Researchers employ CRISPR gene-editing technology in human blood to cure HIV

Northwestern Medicine researchers are employing recent developments in CRISPR gene-editing technology to discover a novel biological method that could lead to longer-lasting treatments and new therapeutic tactics for the Human Immunodeficiency Virus (HIV).



With approximately 1.5 million new infections in the last year alone, the HIV epidemic was forgotten during the COVID-19 pandemic, but it remains a serious and persistent threat to human health.

For more than 40 years, drug makers and research groups have been looking for cures and novel treatment options for HIV, but their knowledge of how the virus infects the human body has hindered their progress. How does a virus with only 12 proteins and a genome a third the size of SARS-CoV-2 capture the body’s cells in order to replicate and propagate across systems?

That was the goal of a Northwestern University multidisciplinary team.

Researchers used a new CRISPR gene-editing method to assess human genes essential for HIV infection in the blood, finding 86 genes that may play a role in the way HIV replicates and causes disease. This process was compared with over 40 genes that have never been glanced at in the context of HIV infection. The study was published on April 1st in the journal Nature Communications.

The findings provide a new roadmap for understanding how HIV incorporates into human DNA and develops into a long-term infection.

The existing drug treatments are one of our most important tools in fighting the HIV epidemic and have been amazingly effective at suppressing viral replication and spread.”

Judd Hultquist, Study Co-corresponding Author, Northwestern University

But these treatments aren’t curative, so individuals living with HIV have to follow a strict treatment regimen that requires continual access to good affordable health care—that’s simply not the world we live in,” Hultquist added.

Treatments, according to Hultquist, could one day become cures if scientists get a better knowledge of how the virus multiplies.

Hultquist is an assistant professor of medicine in infectious diseases at Northwestern University Feinberg School of Medicine and the associate director of the Center for Pathogen Genomics and Microbial Evolution.

A method without compromise

Until far, investigations on how HIV replicates in the lab have depended on immortalized human cancer cells (such as HeLa cells) as models. Although these cells are simple to control in the lab, they are not exact replicas of human blood cells.

Furthermore, unlike CRISPR, most of these researches employ technology to reduce the expression of certain genes rather than turn them off totally, so researchers cannot always determine if a gene was involved in assisting or inhibiting viral propagation.

With the CRISPR system, there’s no intermediary—the gene is on or off. This capability to turn genes on and off in cells isolated directly from human blood is a game changer—this new assay is the most faithful representation of what’s happening in the body during HIV infection that we could easily study in the lab.”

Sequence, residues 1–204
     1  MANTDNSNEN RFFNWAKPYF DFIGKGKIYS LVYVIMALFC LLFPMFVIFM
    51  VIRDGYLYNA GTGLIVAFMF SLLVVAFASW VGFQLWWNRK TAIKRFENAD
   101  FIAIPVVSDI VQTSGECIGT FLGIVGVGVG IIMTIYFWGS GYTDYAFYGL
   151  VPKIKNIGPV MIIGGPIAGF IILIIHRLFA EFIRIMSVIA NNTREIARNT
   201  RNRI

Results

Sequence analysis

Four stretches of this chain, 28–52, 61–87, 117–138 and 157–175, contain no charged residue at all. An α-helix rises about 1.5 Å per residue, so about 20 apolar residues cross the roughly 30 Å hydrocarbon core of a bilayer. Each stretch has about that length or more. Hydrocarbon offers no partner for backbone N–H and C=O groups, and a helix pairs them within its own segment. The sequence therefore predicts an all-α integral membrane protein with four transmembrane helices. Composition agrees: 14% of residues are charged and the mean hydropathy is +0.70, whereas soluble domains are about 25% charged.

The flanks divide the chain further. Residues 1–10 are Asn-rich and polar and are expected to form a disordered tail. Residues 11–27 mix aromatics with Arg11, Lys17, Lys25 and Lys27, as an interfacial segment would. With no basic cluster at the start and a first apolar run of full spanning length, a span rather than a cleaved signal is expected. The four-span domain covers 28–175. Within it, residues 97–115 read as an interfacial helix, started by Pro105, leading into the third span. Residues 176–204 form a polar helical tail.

Judd Hultquist, Study Co-corresponding Author, Northwestern University

T cells, the most common HIV-infected cell type, were extracted from donated human blood and hundreds of genes were knocked out using CRISPR-Cas9 genome editing. The HIV-infected “knock-out” cells were then studied. Infection was reduced in cells that lost a viral replication gene, whereas infection was increased in cells that lost an antiviral component.

The scientists next confirmed the revealed factors by selectively knocking them off in additional donors, finding a nearly even split between newly discovered and well-researched pathways.

Moving toward a cure for HIV

To know researchers were doing something properly, Hultquist said their data showed a “perfect split” of novel and known characteristics.

This is a really great proof-of-concept that the steps and processes that we took to perform the study were robust and well thought out. That nearly half of the genes we found were previously discovered increases confidence in our dataset. The exciting part is that over half—46—of these genes had never before been looked at in the context of HIV infection, so they represent new potential therapeutic avenues to look into.”

Judd Hultquist, Study Co-corresponding Author, Northwestern University

The researchers are looking forward to further filtering this technology to enable genome-wide screening, in which they knock off or turn on every gene in the human genome individually to find all potential HIV host factors. These data would be a crucial component of the puzzle, bringing them even closer to developing therapeutic techniques.

Journal reference:

Hiatt, J., et al. (2022) A functional map of HIV-host interactions in primary human T cells. Nature Communications.


The opinions expressed here are the views of the writer and do not necessarily reflect the views and opinions of AZoLifeSciences.
Post a new comment
You might also like...
A gene’s function in embryonic development